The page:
The conversion path is the sequence of pages visited and links clicked by a visitor to your website that leads to a successful transaction being completed. If you’re spending money to drive users to your site, you should also be making sure that those users are converting. This can be done by optimizing the entire path, from the keyword to the ad to the landing page, in a process I like to call Path Optimization. Path Optimization means that you are optimizing both your acquisition-driven SEM campaigns and conversion-driven landing pages, together. This covers a user’s entire path from the search engine through to the landing page conversion.
Website visitors follow many different paths before, eventually, a frustratingly small percentage will go on to become customers. These paths are hard to visualize, because they rarely represent linear journeys. Many visitors will visit a website several times before making a purchase, probably looping back and forth between pages in what seems, to the website designer at least, a totally illogical pattern.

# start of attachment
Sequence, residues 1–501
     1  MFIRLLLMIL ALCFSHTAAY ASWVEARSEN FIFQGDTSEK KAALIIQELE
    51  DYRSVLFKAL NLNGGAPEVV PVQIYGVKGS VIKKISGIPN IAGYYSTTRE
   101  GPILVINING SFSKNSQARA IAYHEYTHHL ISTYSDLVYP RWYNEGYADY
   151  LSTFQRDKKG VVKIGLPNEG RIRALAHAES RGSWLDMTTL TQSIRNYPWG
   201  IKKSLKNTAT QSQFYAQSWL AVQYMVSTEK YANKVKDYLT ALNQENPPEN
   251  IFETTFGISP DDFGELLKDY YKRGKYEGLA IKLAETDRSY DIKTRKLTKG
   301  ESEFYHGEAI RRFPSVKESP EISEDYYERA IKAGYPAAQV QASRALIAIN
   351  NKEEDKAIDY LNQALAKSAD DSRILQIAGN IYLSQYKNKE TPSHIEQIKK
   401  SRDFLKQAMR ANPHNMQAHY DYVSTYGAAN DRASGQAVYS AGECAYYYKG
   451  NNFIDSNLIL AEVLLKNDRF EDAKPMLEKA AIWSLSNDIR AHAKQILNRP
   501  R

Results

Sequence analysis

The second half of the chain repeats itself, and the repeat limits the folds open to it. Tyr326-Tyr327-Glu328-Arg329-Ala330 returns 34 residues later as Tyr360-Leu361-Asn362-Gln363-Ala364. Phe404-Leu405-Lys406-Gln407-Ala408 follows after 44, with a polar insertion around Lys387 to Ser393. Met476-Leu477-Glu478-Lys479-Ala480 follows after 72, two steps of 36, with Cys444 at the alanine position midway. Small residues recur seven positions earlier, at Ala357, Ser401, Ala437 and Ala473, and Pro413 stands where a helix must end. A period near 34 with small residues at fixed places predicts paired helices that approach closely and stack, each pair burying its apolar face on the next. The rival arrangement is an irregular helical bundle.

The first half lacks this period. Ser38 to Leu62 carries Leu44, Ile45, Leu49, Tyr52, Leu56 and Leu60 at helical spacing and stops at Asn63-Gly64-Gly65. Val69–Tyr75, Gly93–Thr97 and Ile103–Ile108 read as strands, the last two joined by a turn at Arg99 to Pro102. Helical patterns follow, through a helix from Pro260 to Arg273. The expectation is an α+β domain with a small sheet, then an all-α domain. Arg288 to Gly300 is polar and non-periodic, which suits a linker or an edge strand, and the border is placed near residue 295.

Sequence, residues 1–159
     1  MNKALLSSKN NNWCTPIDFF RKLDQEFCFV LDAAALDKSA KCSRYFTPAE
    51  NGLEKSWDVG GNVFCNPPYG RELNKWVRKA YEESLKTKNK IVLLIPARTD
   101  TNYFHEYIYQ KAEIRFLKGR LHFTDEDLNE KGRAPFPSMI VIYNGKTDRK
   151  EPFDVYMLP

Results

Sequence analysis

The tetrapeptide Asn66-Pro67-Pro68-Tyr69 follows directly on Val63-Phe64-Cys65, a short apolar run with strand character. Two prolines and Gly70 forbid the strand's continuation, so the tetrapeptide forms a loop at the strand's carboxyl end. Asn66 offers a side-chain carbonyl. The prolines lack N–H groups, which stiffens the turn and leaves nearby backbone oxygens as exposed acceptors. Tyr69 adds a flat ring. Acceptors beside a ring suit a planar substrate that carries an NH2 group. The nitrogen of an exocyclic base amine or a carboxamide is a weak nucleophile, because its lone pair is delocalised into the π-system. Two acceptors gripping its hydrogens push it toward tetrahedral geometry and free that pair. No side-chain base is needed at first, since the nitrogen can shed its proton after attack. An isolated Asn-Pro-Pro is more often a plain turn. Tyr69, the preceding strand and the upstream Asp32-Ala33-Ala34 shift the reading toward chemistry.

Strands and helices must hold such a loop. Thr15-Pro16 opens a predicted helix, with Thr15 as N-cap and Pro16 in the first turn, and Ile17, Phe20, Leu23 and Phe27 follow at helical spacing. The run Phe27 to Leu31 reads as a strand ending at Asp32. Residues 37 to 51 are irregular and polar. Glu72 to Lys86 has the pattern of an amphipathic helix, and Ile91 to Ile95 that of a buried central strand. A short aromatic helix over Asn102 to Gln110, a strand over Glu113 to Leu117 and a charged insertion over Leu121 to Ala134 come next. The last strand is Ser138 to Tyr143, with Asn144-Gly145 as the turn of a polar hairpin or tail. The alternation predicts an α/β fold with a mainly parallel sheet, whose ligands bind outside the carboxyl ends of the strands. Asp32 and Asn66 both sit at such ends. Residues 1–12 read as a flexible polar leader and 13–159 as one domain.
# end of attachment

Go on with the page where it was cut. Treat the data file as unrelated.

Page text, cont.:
The key to designing a successful conversion path begins with defining the expectations that you hope to fulfill. Don’t just be aware of the expectations you are setting pre-click; be decisive and blatant about the promises you make and have a plan in place to follow through.
5 ways to insure you are setting user expectations correctly:
- Message match
Is your ad copy reflected in your landing page headline or sub-headline? Write a headline that reinforces the user’s decision to click into your path.
- Branding alignment
Does the color scheme of the page match the banner ad upstream? Insure the user doesn’t have to second-guess if they’re in the right place.
- Be honest
Are you getting clicks with tricky link text or deceiving images? The quality of the click is more important than the click itself.
- Uncover the details
Is your page cluttered with extra navigation and unintentional bailout links? Eliminate any elements that don’t support the next step in your path.
- Outline what’s next
Is it obvious what the user is committing to do? Make clear what’s about to happen, “Get a quote in less than 10 minutes” or “Sign up now to start your free trial” or “3 easy steps to register”
Reference Articles about Conversion Path Optimization